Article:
Online exclusive brands are planning a slew of measures in the wake of the recent changes in the Foreign Direct Investment (FDI) norms for the e-commerce industry. Earlier these brands used to sell their products on one particular platform to maximise sales and profit. Now that new norms will soon be in place from February 1, these brands have started talking to multiple e-commerce companies to sell products, which might help them reduce the impact on sales. Many of them are also planning to open offline stores to enhance sales.
The FDI new rules are forcing the online-exclusive brands to adopt new strategies to stay relevant in the market. As per the revised FDI policy, the "e-commerce marketplace entity will not mandate any seller to sell any product exclusively on its platform only".
Notably electronic and smartphone brands like Vu, BPL, MARQ, TCL, Sanyo, Blaupunkt TV, Thomson, Xiaomi, OnePlus, etc, operate as online-exclusive brands on online marketplaces like Amazon India and Flipkart. Companies like VU, BPL, TCL, IFFalcon, Kodak, and Sanyo have already started finalising the alternative strategy to work around the FDI policy.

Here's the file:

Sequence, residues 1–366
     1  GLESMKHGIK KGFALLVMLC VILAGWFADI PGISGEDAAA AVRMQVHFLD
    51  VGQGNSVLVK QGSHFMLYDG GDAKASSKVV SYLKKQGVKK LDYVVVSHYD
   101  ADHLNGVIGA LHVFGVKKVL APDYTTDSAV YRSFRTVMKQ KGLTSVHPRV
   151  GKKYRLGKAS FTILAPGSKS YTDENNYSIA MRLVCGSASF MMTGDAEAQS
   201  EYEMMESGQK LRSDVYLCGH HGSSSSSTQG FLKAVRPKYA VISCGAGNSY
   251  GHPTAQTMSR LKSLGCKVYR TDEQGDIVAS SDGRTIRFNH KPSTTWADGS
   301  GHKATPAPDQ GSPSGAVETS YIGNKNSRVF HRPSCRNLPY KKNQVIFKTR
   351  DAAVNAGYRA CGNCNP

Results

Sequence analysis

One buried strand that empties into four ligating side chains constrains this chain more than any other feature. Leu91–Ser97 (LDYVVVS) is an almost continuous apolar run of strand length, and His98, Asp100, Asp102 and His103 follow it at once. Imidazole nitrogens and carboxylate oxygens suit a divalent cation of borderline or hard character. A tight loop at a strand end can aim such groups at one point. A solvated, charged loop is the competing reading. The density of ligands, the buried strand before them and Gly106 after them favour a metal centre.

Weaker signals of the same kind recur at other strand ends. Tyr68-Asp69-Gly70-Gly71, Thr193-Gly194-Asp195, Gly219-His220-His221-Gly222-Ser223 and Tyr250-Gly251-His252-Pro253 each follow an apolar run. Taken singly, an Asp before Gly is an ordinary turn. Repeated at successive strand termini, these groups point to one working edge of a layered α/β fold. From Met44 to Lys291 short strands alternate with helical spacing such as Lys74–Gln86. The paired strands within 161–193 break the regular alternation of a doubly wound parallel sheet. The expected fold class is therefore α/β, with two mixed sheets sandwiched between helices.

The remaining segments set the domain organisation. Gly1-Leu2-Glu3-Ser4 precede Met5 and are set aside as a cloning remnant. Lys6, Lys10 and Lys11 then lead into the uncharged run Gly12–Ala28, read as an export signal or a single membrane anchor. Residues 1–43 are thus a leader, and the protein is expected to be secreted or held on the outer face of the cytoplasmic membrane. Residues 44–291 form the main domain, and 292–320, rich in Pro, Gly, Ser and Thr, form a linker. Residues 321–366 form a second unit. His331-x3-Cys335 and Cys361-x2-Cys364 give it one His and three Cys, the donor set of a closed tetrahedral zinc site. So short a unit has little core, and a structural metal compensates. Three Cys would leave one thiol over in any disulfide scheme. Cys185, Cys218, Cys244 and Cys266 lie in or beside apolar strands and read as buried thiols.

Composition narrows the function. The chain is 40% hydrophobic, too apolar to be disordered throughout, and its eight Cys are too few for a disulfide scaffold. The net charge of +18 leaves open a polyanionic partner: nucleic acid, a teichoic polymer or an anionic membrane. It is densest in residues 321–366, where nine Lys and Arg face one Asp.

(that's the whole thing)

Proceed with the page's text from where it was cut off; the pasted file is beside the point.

BPL, which claims to be the largest seller of 32 inch TV on Amazon, says the company may become a seller by itself. The company may either become a seller by itself on the platform or start offline sales in a controlled manner as Plan B, the Economic Times quoted Manmohan Ganesh, Amazon-exclusive BPL's COO, as saying.
Similarly, iFFalcon, a Flipkart-exclusive brand, is planning to initiate talks with both Flipkart and Amazon to avoid the new FDI regulations. The company is also planning to launch its e-store to maximise its sales.
Besides, brands like Xiaomi and Oneplus, which forayed into the country as online exclusive brands, have already started spending on retail expansion to gain the market share. The new FDI policy will also affect companies that were trying to enter the Indian market through the online route, say market analysts.
The government's changing stance on regulating the e-commerce industry in India has been termed as a body blow to e-commerce giants like Amazon and Walmart, both of which tried to enter India the FDI route. But, the new policy could end their dominance in the domestic market, say experts. The government has already said that the revised norms are aimed at protecting the interest of domestic players, who have to face tough competition from e-retailers having deep pockets from foreign investors.
Edited by Manoj Sharma